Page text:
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Turner Makes £20 in 2020



JMW Tuner 20 pound note feature image

New £20 note featuring JMW Tuner. Image Credit: Bank of England/YouTube


United Kingdom– The United States is not the only nation in the Anglo-American sphere redesigning their 20 unit paper currency. The Bank of England has announced that the next issue of the £20 note will be adorned with the 1799 self-portrait of famous British romantic painter J.M.W. Turner. The newly designed currency is set to debut in 2020 and will be constructed of a polymer substance. The decision to feature Turner was announced on 22 April after an impressive competition to design the new bill with the image of an artist.

The Bank of England opened the selection process to the British public. In doing so, the nomination process gathered exactly 29,701 submissions. Yet only 590 of the submissions were in fact artists. (See: “Boaty McBoatface“)


The Bank of England composed a selection committee that created a shortlist of five suitable candidates. These candidates consisted of actor Sir Charlie Chaplin, painter William Hogarth, sculptor Dame Barbara Hepworth, and designer/potter Josiah Wedgewood.

The current £20 note portrays famous Scottish economist, philosopher, and author of the noted work “The Wealth of Nations,” Adam Smith. The new note will not simply feature Turner, but its background will include Turner’s famous work, “The Fighting Temeraire.”

JMW Turner classic background

“The Fighting Temeraire.” Image Credit: JMW Turner

The final decision fell upon the Bank of England’s governor, Mr. Mark Carney, who also served as the decision committee chair.

In a statement given by Mr. Carney, he explains his logic regarding the selection of Turner among countless other worthy candidates:


“Turner is perhaps the single most influential British artist of all time. His work was transformative, bridging the classical and modern worlds. His influence spanned his lifetime and is still apparent today.”

“I would also like to take this opportunity to thank all the people who got involved in the process and that sent us their suggestions for visual artists to celebrate. The range and breadth of these nominations is testament to the UK’s achievements in the arts and the public’s passion for it.”

Mr. Carney’s statement demonstrates how a country’s currency acts as a cultural reflection in its society. From the Caesar’s that adorned Roman coinage in antiquity, to the portrait of the current U.K. Monarch, Queen Elizabeth II, which is updated each decade to reflect her age on the currency used in the Commonwealth of Nations, most every society uses the images on their currency to highlight the most prominent figures in their culture.  Additionally, the appearance of any country’s currency communicates internationally a society’s current attitudes.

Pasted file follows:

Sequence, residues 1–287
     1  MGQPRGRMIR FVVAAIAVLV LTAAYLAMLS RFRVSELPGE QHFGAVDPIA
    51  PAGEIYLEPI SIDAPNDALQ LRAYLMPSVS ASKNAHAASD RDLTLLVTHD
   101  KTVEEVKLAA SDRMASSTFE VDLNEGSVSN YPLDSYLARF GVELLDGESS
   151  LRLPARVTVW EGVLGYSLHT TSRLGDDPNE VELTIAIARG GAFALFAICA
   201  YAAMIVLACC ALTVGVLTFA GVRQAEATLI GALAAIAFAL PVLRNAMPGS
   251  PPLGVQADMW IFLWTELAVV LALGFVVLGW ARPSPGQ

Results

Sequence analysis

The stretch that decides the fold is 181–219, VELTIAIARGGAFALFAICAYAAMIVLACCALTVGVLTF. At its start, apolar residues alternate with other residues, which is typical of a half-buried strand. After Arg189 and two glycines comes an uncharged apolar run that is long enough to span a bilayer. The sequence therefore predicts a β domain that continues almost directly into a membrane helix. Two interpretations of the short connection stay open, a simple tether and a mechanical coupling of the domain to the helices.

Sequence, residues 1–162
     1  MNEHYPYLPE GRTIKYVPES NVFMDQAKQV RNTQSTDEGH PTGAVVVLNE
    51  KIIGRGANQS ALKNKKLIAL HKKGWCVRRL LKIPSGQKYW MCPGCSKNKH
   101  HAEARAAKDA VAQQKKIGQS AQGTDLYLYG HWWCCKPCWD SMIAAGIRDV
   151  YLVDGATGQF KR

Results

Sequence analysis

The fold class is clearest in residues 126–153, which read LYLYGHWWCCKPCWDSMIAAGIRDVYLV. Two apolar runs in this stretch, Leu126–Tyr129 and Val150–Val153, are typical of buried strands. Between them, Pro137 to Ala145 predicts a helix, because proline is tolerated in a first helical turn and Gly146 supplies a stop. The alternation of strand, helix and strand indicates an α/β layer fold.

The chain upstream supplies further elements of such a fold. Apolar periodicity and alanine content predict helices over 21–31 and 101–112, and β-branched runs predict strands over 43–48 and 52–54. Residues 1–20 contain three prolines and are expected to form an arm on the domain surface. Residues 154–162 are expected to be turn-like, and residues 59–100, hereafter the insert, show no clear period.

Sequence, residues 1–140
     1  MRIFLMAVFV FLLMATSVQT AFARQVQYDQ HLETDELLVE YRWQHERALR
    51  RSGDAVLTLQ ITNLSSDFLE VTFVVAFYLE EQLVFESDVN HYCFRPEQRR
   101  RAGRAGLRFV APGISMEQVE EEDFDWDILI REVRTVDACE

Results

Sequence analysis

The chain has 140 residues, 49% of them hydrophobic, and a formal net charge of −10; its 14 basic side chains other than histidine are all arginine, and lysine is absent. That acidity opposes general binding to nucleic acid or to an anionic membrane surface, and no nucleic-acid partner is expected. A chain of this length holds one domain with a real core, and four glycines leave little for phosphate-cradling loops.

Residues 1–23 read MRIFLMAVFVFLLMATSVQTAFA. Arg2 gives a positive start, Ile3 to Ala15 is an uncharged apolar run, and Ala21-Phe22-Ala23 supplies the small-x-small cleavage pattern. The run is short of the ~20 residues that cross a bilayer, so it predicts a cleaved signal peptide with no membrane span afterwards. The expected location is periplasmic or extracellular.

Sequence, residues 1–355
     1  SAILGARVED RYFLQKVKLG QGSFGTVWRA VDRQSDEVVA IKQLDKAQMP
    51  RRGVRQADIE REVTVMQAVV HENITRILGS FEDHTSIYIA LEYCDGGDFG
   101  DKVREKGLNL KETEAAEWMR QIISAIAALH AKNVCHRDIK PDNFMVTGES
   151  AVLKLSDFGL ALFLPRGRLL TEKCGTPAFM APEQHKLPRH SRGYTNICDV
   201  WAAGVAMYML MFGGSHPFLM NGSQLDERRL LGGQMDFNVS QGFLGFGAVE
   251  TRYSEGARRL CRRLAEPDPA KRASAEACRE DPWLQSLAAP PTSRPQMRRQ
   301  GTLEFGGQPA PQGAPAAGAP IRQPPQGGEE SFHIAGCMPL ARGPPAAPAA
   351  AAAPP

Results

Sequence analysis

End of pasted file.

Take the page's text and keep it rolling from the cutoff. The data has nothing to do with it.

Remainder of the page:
“I will take my change in Tubman’s!”


Harriet Tubman. Image Credit: H. Seymor Squyer

As previously mentioned, the U.K. was not alone in its decision to undertake a major facelift on its paper money. The United States Department of the Treasury‘s decision to replace the seventh U.S. President, Andrew Jackson, on the front of the $20 bill with legendary abolitionist, former slave, Underground Railroad and Civil War heroine Harriet Tubman is a landmark decision in the U.S. Tubman is also set to debut on the $20 bill in 2020.

Tubman is not the first woman to grace U.S. currency. Susan B. Anthony, famous for her role in the U.S. woman’s suffrage movement appears on a U.S. half-dollar coin. Golden $1 coins also depict a woman: Sacajawea, a member of the Lemhi Shoshone Tribe whose work made possible the Lewis and Clark expedition.  Harriet Tubman now joins their ranks as the first woman to be featured on U.S. paper currency and the first African-American to receive the honor.

With these prominent impending changes to these power-house nations in the Western world, the appearance of currency remains a strong reflection and self-critique of the popular cultures of the nation states that issue them.


Sources: BBC World Service, The Guardian, The New York Times, The Bank of England, The U.S. Treasury Department.


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Paul K. DiCostanzo is the Managing Editor for TGNR. He is a noted public speaker, an emerging historian of the Second World War, a vocal advocate for Crohn’s Disease/Ulcerative Colitis, and highly regarded interviewer. Prior to TGNR, Paul has a background in American National Security and American Foreign Policy. He has served as the Managing Editor for TGNR since March 2015.

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